Baseball

Pablo Sandoval’s World Series ring presentation comes with some Giant issues

Pablo Sandoval plays in Boston against the Yankees this month. After leaving the Giants to sign a five-year, $95 million deal with Boston, he said “now, I feel like I’m home.”
Pablo Sandoval plays in Boston against the Yankees this month. After leaving the Giants to sign a five-year, $95 million deal with Boston, he said “now, I feel like I’m home.” The Associated Press

Pablo Sandoval returns to the Bay Area as the third baseman of the Boston Red Sox to play the A’s this week – an opportunity his former team, the Giants, seized to deliver Sandoval the World Series ring he helped them win last October.

The Giants planned to give Sandoval his ring at the Red Sox team hotel on Sunday, with a delegation including general manager Bobby Evans, manager Bruce Bochy and team president and CEO Larry Baer. The Red Sox do not visit AT&T Park this season, which ruled out a pre-game ceremony in front of fans like the one the Giants held for Miami Marlins outfielder Michael Morse on Thursday.

Such an event might have felt awkward, anyway, given comments Sandoval made about the Giants this spring in a story by Bleacher Report. Sandoval said it was “not hard at all” leaving his former team in free agency last winter, and that he “left money on the table in San Francisco” after feeling the Giants disrespected his agent during contract negotiations.

Despite the tone of those comments, Evans said last week he expected the ring exchange with Sandoval to be “a good feeling, no worries about that.”

“Pablo was a Giant for 12 years in our system and the big leagues,” Evans said. “He was a key contributor to three World Series championships, he was at one point a (top-seven) MVP guy, he’s a player that’s always worked hard.

“You want him to feel good about his time here and to remember it in a positive way, so it’s hard to hear some things that he said. But at the end of the day, I hope that his lasting memory is of these fans and of this organization, the accomplishments he had here, and I hope those memories are the ones that stick with him.”

A two-time All-Star with the Giants, Sandoval made perhaps his greatest impact during the playoffs, batting a combined .344 in three postseasons and .429 in the World Series last year as the Giants won their third championship in five years. In seven seasons with the Giants, Sandoval was a gregarious personality and fan favorite, his “Kung Fu Panda” nickname inspiring thousands of fans to wear fake panda ears out in public.

Sandoval, though, did not sound nostalgic last week about returning to the Bay Area.

“What’s different about it?” Sandoval said Saturday before the Red Sox played the Blue Jays in Toronto. “It’s just another city.”

Sandoval used to live in San Francisco but said he’d sold his place. Asked if he’d turned the page on his time with the Giants, Sandoval said: “It’s turned already.”

Sandoval had indicated as much in the Bleacher Report story, in which he said he played much of 2014 knowing he would not return to the Giants. In November, he signed a five-year, $95 million deal with Boston. After Sunday’s 6-3 victory over the Blue Jays, Sandoval as hitting .306 with three home runs and 14 RBIs for the 14-17 Red Sox.

The quote that elicited the most reaction from that March story was Sandoval saying he did not miss his former clubhouse mates. “Only Bochy,” Sandoval said. “I love Boch. He’s like my dad. He’s the only guy that I miss. And Hunter Pence. Just those guys. But now, I feel like I’m home.”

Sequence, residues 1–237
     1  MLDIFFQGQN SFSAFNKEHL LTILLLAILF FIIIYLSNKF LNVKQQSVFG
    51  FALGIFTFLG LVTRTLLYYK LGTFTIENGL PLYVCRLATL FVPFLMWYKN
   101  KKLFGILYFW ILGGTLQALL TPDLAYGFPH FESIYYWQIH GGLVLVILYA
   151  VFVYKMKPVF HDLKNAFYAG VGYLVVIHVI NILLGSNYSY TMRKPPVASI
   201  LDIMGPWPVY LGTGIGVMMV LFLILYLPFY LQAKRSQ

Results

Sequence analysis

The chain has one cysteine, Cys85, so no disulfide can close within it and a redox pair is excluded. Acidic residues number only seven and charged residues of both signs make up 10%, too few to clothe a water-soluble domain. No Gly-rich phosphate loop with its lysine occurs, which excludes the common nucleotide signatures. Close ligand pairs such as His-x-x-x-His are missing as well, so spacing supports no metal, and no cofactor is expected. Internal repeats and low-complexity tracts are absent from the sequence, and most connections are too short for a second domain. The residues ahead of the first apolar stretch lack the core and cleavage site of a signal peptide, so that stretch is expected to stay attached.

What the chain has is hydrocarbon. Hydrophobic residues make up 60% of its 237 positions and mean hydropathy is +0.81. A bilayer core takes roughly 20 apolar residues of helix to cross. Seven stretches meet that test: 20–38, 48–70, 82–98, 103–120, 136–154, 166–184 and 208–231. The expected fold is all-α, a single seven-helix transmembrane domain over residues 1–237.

Asked about those comments last week, Bochy said: “Sometimes things are taken out of context. That’s what I’ve been told through some friends of his, that he didn’t quite mean it how it came out.” Sandoval, though, never said he’d been portrayed inaccurately. And Giants outfielder Gregor Blanco said he worries those comments could affect how some remember Sandoval’s time in San Francisco.

“Yeah, man, and it’s a little sad, because of all that he’s done for this ball club and the city of San Francisco,” Blanco said. “Just because he said something out of the normal stuff – things can change. But I feel like it’s still like people love him. He’s a human being and he can make mistakes and stuff like that. But it’s hard to forget what he has done here.”

Blanco said what stands out in his memory is Sandoval’s hitting in the 2012 and the 2014 postseasons, when Sandoval “would like transform himself into a championship-role type player.” Sandoval was named MVP of the 2012 World Series, in which he hit three home runs in Game 1 against the Detroit Tigers, and last year he set a major-league record with 26 hits in the postseason.

Giants reliever Javier Lopez said he wasn’t privy to how contract negotiations between Sandoval and the Giants unfolded, “But as a player, as a teammate, I respected the way he went out there and played hard every day for us.

“Even last year, he played through some injuries but battled,” Lopez said. “He got the contract that he was looking for. And he was looking for a new challenge – nothing better than the A.L. East to try to do that.”

The Red Sox were traveling from Toronto, where they played a day game on Sunday, and the Giants were scheduled to depart early Monday for a six-game trip beginning in Houston, leaving little time for a reunion. Speaking on Saturday, Lopez said he was glad to hear Sandoval would soon add to his collection of postseason metalwork.

“Obviously Pablo was a big part for us, not only last year, but winning all three,” Lopez said. “When you go through those kind of long seasons together and they culminate in a World Series victory, of course you get excited, for everybody on that team. I’ll be happy for him to get his ring.”

Michael Silverman of The Boston Herald contributed to this report.

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